Surveys Say Young People Want to Give More-Here’s How We Make It Happen

We are told behind every dark cloud lies a silver lining. In fact, history is replete with examples of wars, plagues, and bloody revolutions that, as an unintended side effect, birthed wonderous breakthroughs in medicine, transportation, communication, and societal evolution. So has it been with COVID-19? One of the social benefits the ongoing coronavirus pandemic has yielded is a significant uptick in charitable giving. The online lender Lending Tree recently surveyed more than 1,000 Americans and discovered nearly two out of three reported having donated to various charitable groups and causes in 2021. More than a third of them donated more than once. 

Other key findings from the survey include:

  • The three most popular causes among donors were education, health, and human services.
  • Democrats were more likely to donate to environmental and overseas causes, whereas Republicans preferred to donate to religious organizations.
  • Most donors—73 percent—donated less than $500 to charities in 2021.
  • But perhaps most intriguing is Lending Tree’s finding that a majority of respondents said they would like to donate more. When asked why they make charitable donations, 67 percent expressed a simple motivation: They want to help others in need. (Only one in 10 cited tax deductions as a reason.)

This same urge to increase charitable giving, especially in the face of COVID-triggered economic and societal disruptions, is mirrored in a survey recently conducted by the financial industry giant Wells Fargo. In it, 811 U.S. adults were questioned online and revealed, among other things, that two out of three Americans (67 percent) sometimes feel like they do not give enough. This is particularly true for Millennials (74 percent) and Gen Z (76 percent).

“Almost everyone surveyed—95 percent—say that giving makes them feel good, and the pandemic has accentuated opportunities to give,” explained Arne Boundwyn, head of Wells Fargo’s family wealth and culture services. The survey revealed that almost half, or 46 percent of respondents, say they are giving more because of the pandemic, while only 11 percent report giving less.

More Key Findings

Another key finding of the Wells Fargo survey is a shift in how people, especially those under 40, are choosing to give. More than a third of those surveyed (35 percent) reported they used crowdfunding sites, like GoFundMe. Nearly 20 percent said they preferred social media donation buttons, and 16 percent said they gave directly to web entertainers and information sites like Wikipedia.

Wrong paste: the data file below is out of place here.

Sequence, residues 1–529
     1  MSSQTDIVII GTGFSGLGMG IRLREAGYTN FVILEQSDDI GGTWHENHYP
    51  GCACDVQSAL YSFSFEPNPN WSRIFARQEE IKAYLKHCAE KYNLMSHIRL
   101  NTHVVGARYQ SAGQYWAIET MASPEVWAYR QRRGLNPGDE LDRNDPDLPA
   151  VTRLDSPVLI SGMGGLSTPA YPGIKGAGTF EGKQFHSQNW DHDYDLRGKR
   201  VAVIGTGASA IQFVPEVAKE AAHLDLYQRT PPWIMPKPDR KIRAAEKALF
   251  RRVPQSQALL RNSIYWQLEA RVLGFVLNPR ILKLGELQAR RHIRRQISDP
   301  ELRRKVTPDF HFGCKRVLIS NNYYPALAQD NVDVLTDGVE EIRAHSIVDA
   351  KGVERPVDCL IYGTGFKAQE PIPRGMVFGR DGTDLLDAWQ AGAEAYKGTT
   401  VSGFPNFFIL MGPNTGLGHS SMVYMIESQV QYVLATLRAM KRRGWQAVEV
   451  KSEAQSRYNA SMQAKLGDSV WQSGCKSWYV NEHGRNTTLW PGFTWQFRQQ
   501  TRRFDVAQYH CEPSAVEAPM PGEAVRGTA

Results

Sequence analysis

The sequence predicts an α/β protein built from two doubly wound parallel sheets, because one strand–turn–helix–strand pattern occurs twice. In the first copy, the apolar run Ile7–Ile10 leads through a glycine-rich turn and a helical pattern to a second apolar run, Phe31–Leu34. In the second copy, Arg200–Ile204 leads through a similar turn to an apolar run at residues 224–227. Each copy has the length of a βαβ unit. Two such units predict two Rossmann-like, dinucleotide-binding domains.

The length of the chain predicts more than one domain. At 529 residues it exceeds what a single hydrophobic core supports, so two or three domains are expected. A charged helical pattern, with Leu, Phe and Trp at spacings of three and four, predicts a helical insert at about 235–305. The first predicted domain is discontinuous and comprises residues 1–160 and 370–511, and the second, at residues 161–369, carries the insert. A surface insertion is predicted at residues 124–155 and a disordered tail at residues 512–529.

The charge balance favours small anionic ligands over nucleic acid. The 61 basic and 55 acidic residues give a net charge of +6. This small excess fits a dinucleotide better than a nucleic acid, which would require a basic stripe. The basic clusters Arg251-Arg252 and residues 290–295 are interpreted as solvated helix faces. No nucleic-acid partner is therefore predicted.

The shift to online giving is only expected to increase in the years ahead as “digital natives,” those who grew up with the Internet, use it in lieu of more traditional media. In the Wells Fargo survey, most people, 85 percent, said they don’t consider themselves “philanthropists,” the respondents preferring to apply this term to millionaires and other high-ticket donors. “Overall, these findings show a positive trend in community support,” Boudewyn said. “With more than 87 percent of respondents having grown up understanding the value of generosity, those are clearly values passed through the generations.”

So, if young people want to give more, why aren’t they?

One answer may be a large amount of debt those under 40 tend to carry on credit cards or due to student loans. Another reason may be that they are just not getting the right message… or a convenient way to do something about the problem.

Certainly, the most efficient way to connect with young donors is to meet them where they live: on the Internet. In both the Lending Tree and Wells Fargo surveys, respondents 40 and under indicated they almost always donate online, whether it’s via crowd-funding sites like GoFundMe, “Donate” buttons on stories featuring news about specific charities or non-profits, or directly on the websites of such organizations. Knowing this, reaching out directly via emails or, better yet, texts speak to this valuable cohort in a language they understand and in a format with which they feel most comfortable.

DonorSearch Artistotle

But while, in the words of the late great Marshall McLuhan, the medium may be the message, the message itself is often just as important. And this is where DonorSearch can provide the solution your organization needs. DonorSearch Artistotle uses advanced artificial intelligence (AI) to target potential donors of all generations with messaging that speaks directly to their connection with a non-profit or other organization in need of fundraising. This is far different from legacy outreach applications which tend to focus on a potential donor’s net worth and past philanthropic patterns when making electronic solicitations. By pairing compelling messages with each recipient’s individual sympathies/loyalties, DonorSearch makes acquiring donations far more efficient, effective, and cost-effective.

Specifically, DonorSearch helps organizations:

  • Identify donors who have a capacity to give and possess an affinity for a cause.
  • Expand their outreach list with a more targeted prospect search database.
  • Predict prospects’ giving capacity with accurate, secure giving intelligence data.

If you are eager to follow your (younger) donors into the increasingly active digital realm and maximize the impact of each solicitation, please contact our team of experts to arrange a demo of DonorSearch Products today.

Additional Resources

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